Avalon Rare Earth Mines operations slow but steady

Avalon Rare Earth Mines operations slow but steady
Camp at Avalon’s Nechalacho project, located near Thor Lake.Photo: courtesy of Avalon Rare Earth Metals.

What is being called the most advanced rare earth metals development project located outside of China is taking the way of the tortoise, inching towards being fully operational rather than running to the finish line at full speed.

Following a downturn in the market, Avalon Rare Earth Metals CEO Don Bubar said there is no rush to approve permits and begin operations at the Nechalacho project, located about 100 km southeast of Yellowknife at Thor Lake. Instead, the company is taking its time, waiting until the economy is once again operating in its favour.

“The rare earth market over the last couple years has softened a little bit,” Bubar said. “You had circumstances in China (the dominant producer of rare earths) where there was a reduction in exports of rare earth. That created some real concerns amongst users to rely on that supply from China, notably in Japan, to go into the market and buy up supplies to stockpile.”

This led to an upward pressure on the commodity prices; it was only a matter of time until the rare earth metals speculative bubble burst in 2011-2012.

“We were actually quite fortunate,” Bubar said. “We were already doing our pre-feasibility study when the interest started to surface in rare earths and took advantage of all that to raise all the capital we needed, which was about $100 million, to take that project through feasibility. That’s positioned us well to catch the next uptrend.”

Financing for the project will be established once this uptrend occurs, Bubar said.

Using time to save money

“Last year we kind of wrapped up some of the site work that we needed to do to prepare for further process test work on how we’re going to extract the rare earths,” Bubar said. “That’s basically all we can do until we’re in a position to move forward with construction work at the site. For that, obviously we need project financing in place and for that, we need commitments from users of the products that any banker or financialist would want to rely on to provide project financing.”

In the meantime, Avalon is looking for efficiencies in the operation’s economics. Namely, the company is taking the opportunity to shop around potential locations for its hydrometallurgical plant, where metals will be extricated from rough concentrates using liquid chemicals.

Originally, Avalon was looking to host this facility at the old Pine Point mine site near Hay River, but high costs and a lack of infrastructure led the company to look south. Now, the company is looking to house the operation in Canada before shipping to a final refinery in France, owned by international chemical company Solvay.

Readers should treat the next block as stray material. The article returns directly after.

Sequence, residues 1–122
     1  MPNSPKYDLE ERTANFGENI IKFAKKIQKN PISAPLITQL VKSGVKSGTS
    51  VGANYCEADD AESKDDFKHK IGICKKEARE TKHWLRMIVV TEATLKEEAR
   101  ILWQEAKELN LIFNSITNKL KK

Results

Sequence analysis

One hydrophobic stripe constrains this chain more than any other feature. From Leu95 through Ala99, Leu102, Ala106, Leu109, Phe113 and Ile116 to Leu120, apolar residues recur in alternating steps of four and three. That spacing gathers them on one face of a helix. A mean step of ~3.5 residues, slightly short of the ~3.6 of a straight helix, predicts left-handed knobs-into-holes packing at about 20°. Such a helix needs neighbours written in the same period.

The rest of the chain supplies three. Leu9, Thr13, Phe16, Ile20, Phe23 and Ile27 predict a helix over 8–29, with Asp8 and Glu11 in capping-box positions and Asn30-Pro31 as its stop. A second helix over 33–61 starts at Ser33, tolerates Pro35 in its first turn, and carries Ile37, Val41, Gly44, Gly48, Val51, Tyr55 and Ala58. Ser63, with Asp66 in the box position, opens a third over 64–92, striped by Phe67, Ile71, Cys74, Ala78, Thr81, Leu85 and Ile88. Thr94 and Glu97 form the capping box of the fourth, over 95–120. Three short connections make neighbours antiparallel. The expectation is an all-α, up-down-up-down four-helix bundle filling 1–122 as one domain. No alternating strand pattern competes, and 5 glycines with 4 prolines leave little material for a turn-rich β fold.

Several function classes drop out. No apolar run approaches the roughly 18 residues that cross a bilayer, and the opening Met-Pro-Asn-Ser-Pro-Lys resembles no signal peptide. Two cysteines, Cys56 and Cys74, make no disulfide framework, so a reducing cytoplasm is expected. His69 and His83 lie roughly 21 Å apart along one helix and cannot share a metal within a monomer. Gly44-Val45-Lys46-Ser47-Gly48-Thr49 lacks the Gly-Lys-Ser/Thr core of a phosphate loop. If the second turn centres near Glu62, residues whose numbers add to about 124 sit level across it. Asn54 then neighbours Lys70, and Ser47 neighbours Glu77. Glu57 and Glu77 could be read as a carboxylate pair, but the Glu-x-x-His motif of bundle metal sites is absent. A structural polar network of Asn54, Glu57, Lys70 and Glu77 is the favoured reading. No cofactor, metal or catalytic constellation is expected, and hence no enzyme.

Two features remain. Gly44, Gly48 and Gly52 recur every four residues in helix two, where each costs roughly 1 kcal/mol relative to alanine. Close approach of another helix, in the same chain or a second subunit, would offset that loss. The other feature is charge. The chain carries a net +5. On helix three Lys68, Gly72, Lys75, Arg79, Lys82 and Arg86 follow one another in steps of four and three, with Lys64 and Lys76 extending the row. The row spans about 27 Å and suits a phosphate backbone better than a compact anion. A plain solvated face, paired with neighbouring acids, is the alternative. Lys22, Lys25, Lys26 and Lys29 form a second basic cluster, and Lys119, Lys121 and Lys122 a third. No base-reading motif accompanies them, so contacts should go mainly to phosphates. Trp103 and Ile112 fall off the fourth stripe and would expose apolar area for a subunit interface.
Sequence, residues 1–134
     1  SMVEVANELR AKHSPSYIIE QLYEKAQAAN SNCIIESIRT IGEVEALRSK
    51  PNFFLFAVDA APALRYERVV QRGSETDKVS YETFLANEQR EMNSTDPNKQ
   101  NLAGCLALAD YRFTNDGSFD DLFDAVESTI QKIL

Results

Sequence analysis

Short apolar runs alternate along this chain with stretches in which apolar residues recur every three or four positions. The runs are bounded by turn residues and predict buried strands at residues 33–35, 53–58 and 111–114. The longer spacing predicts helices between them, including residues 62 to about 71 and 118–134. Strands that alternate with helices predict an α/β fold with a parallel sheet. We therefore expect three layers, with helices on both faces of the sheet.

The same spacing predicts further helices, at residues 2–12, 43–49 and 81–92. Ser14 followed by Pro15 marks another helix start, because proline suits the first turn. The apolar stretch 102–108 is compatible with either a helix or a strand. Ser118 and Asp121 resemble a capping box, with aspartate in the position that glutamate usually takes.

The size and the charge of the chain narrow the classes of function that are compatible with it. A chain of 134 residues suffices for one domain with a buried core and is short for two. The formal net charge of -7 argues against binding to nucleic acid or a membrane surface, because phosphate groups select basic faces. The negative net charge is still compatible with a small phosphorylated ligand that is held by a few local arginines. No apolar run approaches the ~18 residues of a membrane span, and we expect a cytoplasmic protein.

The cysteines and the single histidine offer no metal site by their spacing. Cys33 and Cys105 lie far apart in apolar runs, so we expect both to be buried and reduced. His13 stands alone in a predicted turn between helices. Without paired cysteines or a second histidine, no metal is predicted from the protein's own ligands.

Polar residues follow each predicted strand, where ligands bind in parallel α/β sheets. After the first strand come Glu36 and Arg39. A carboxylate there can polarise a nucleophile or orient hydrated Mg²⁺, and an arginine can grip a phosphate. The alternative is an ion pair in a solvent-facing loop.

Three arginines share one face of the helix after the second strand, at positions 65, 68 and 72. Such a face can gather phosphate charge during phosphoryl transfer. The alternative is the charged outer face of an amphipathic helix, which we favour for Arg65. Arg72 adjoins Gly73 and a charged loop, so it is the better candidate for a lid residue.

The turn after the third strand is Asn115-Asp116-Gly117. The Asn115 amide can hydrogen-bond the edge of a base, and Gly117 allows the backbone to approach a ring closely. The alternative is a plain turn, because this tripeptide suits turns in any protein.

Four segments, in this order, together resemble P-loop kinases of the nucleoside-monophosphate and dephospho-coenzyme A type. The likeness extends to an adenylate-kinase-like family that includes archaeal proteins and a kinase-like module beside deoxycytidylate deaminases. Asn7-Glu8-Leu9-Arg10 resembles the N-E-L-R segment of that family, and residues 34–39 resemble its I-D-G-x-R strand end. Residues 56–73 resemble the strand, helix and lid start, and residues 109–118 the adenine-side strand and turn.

“We haven’t zeroed in on one yet, but it looks most logical that we identify a site elsewhere in Western Canada – Saskatchewan or Alberta – that’s not that far to transport the sort of semi-processed material we would produce at the site,” Bubar said.

The Nechalacho project already has a Class A land use permit and a Class B water licence from the Mackenzie Valley Land and Water Board, and is now continuing with formal applications for further permits.

According to Bubar, Avalon can wrap up its final construction and operations permits whenever it is ready.

“We are through the key hurdles in terms of approval of the environmental assessment, but because we’re not likely to start construction any time soon, we’re just not inclined to rush the process right now,” Bubar said.

Some of those key hurdles include establishing accommodation agreements with indigenous groups around Great Slave Lake.

“We signed an accommodation agreement with the Deninu Kue and we have various other levels of agreements with the other Akaitcho partners, the NWT Métis Nation, the Tlicho and the North Slave Métis Alliance,” Bubar said. “We sort of agreed to agree but just haven’t concluded those conversations.”

While in this somewhat stagnant period, Bubar said Avalon is still working to protect its stakeholders. On Apr. 29, the company announced new equity financing, a public offering of up to $5 million.

“It’s just to top up our treasury so that we are adequately funded for the work programs we have ahead of us for the next 12 months,” Bubar said. “While our valuation was kind of languished compared to what it was a few years ago, we’re kind of mindful of not overly diluting at these share prices. It shows our shareholders, many in the NWT too, that we do have good access to capital, we top up when we need to.”

Operations at Nechalacho are expected to start in 2018.

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